A unique object is headed toward our Solar System. The object called 2014 UN271 (data recording started in 2014) appeared in the Dark Energy Survey collaboration on June 19, 2021 and is gaining popularity thanks to its extreme oddity. Information about this object appeared in the Minor Planet Electronic Cirulars, which generally includes “information on unusual minor planets and routine data on comets.”
As noted by Sam Deen on a Groups.IO post, the object spotted is “not just unusual, but radically exceptional among all known bodies in the Solar System to date.” The orbit of this object goes from “just beyond the orbit of Saturn all the way out to the Oort Cloud.”
Dr. Pedro Bernardineli posted a few more details to Twitter about the discovery of this object. It might seem odd that the data shown in the documentation of this object appears in 2014, but this was only announced here in 2021.
Below you’ll see a simulation from Tony Dunn showing the orbit of this space body, entering and exiting our Solar System – note the dates! It’s going to get real weird at around the year 2030 – and really close to us here on Earth!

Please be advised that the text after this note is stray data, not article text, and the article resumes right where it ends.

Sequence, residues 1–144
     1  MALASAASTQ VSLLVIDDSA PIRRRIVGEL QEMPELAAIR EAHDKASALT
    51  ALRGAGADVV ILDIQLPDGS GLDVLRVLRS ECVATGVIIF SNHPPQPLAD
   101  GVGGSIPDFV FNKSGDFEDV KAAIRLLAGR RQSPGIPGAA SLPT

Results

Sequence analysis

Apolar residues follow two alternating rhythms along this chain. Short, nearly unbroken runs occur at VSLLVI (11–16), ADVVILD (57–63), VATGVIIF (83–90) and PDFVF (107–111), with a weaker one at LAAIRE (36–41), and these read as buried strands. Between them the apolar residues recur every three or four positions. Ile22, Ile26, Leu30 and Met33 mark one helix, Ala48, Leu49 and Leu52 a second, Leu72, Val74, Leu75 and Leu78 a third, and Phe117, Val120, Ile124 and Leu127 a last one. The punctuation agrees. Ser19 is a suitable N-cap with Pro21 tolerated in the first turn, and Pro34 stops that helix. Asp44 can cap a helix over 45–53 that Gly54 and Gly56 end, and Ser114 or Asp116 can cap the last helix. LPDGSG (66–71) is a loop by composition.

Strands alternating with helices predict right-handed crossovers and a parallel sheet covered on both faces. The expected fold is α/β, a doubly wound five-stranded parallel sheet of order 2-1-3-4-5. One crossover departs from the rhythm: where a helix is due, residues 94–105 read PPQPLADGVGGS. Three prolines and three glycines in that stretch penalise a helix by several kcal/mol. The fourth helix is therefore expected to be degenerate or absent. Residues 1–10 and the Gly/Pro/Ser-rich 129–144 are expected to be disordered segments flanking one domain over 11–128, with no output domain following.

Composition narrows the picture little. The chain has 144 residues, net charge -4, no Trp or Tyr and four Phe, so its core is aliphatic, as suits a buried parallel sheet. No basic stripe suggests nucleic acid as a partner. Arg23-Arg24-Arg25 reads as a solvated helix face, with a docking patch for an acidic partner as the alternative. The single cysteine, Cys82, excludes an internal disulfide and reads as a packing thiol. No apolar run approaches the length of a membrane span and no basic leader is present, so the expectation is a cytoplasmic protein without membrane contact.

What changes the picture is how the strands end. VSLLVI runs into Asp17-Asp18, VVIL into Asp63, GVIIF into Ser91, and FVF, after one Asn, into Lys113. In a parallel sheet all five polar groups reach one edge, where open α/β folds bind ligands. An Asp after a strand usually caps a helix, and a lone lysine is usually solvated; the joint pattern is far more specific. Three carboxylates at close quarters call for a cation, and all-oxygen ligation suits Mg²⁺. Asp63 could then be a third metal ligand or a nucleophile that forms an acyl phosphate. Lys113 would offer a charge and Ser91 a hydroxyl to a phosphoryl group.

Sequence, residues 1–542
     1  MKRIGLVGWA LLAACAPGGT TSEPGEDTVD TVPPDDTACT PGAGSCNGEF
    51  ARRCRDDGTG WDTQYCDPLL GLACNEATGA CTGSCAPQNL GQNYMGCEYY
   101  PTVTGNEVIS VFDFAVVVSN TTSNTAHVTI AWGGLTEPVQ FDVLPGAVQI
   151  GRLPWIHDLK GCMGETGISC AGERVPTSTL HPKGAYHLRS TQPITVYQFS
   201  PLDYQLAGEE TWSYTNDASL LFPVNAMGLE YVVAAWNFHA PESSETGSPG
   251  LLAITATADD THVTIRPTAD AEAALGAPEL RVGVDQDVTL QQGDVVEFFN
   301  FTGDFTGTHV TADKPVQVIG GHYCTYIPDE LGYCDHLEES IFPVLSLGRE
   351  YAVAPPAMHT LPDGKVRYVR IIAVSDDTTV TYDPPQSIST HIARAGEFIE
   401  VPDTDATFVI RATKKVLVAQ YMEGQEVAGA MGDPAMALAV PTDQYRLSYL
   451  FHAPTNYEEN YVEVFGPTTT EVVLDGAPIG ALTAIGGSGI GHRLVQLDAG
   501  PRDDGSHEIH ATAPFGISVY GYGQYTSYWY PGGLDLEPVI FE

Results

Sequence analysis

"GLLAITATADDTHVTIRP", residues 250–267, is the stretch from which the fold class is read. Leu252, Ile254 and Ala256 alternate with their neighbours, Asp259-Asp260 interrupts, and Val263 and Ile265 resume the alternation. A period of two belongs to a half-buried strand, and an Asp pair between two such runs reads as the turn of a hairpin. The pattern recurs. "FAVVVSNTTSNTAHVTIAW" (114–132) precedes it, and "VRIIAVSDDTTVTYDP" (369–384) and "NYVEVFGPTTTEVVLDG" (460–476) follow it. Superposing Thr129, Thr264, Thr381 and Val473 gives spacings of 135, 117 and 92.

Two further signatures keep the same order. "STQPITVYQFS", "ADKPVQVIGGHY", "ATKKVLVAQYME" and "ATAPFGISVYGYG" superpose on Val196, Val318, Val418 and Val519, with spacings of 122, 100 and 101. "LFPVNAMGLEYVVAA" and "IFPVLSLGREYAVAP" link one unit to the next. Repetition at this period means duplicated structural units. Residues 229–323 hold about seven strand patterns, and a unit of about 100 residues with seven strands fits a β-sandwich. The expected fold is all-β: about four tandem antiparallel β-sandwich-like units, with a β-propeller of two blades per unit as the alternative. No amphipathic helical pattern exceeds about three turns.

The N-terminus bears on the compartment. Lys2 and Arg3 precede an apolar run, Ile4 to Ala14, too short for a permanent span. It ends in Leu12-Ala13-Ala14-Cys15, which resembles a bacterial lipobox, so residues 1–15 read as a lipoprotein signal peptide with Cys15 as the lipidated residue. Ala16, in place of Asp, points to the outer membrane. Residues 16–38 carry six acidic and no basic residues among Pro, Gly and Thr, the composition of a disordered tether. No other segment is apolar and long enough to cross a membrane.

As noted by Meg Schwamb, Planetary scientist & astronomer at Queen’s University Belfast, Rubin Observatory will monitor 2014 UN271 as part of a 10 year survey, monitoring the object “all the way to perihelion” and beyond. That’s the point at which the object gets closest to the sun, which physicist and VLBI radio astronomer T. Marshall Eubanks suggests will be January 28, 2031. The 10 year survey will begin at around “late 2023.”
Schwamb also noted that this space object is around 6.96% the size of Pluto. This means it’s not nearly large enough to be a dwarf planet – but it’s still no tiny rock to scoff at!
And, fun fact: If we take a peek at canonical Star Wars specifications with respect to books like Star Wars: Incredible Cross-Sections, we see that the first Death Star was around 120km in diameter, and the second Death Star was around 160km in diameter. In effect, the estimated size of 2014 UN271 is the same as the Death Star as seen in Star Wars Episode VI: Return of the Jedi.
You can see the first documented movements of this object at The International Astronomical Union Minor Planet Center. We’ll be watching this one as it gets ever-nearer to our planet and deeper into our Solar System over the next decade!